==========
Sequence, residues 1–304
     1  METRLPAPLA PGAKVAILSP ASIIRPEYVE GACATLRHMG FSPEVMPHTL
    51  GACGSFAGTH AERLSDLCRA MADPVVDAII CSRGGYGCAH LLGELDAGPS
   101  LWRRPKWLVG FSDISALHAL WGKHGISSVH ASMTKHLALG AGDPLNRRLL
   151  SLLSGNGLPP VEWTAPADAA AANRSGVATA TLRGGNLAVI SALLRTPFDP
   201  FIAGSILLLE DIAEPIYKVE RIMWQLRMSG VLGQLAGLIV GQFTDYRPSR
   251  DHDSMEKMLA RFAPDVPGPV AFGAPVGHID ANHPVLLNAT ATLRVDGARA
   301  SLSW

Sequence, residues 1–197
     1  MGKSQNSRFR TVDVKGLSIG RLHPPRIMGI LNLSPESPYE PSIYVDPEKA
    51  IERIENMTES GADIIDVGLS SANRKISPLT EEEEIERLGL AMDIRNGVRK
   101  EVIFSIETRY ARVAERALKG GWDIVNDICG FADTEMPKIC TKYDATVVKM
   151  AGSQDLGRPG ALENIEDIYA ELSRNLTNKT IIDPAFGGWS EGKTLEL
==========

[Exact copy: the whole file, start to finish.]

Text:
Sequence, residues 1–304
     1  METRLPAPLA PGAKVAILSP ASIIRPEYVE GACATLRHMG FSPEVMPHTL
    51  GACGSFAGTH AERLSDLCRA MADPVVDAII CSRGGYGCAH LLGELDAGPS
   101  LWRRPKWLVG FSDISALHAL WGKHGISSVH ASMTKHLALG AGDPLNRRLL
   151  SLLSGNGLPP VEWTAPADAA AANRSGVATA TLRGGNLAVI SALLRTPFDP
   201  FIAGSILLLE DIAEPIYKVE RIMWQLRMSG VLGQLAGLIV GQFTDYRPSR
   251  DHDSMEKMLA RFAPDVPGPV AFGAPVGHID ANHPVLLNAT ATLRVDGARA
   301  SLSW

Sequence, residues 1–197
     1  MGKSQNSRFR TVDVKGLSIG RLHPPRIMGI LNLSPESPYE PSIYVDPEKA
    51  IERIENMTES GADIIDVGLS SANRKISPLT EEEEIERLGL AMDIRNGVRK
   101  EVIFSIETRY ARVAERALKG GWDIVNDICG FADTEMPKIC TKYDATVVKM
   151  AGSQDLGRPG ALENIEDIYA ELSRNLTNKT IIDPAFGGWS EGKTLEL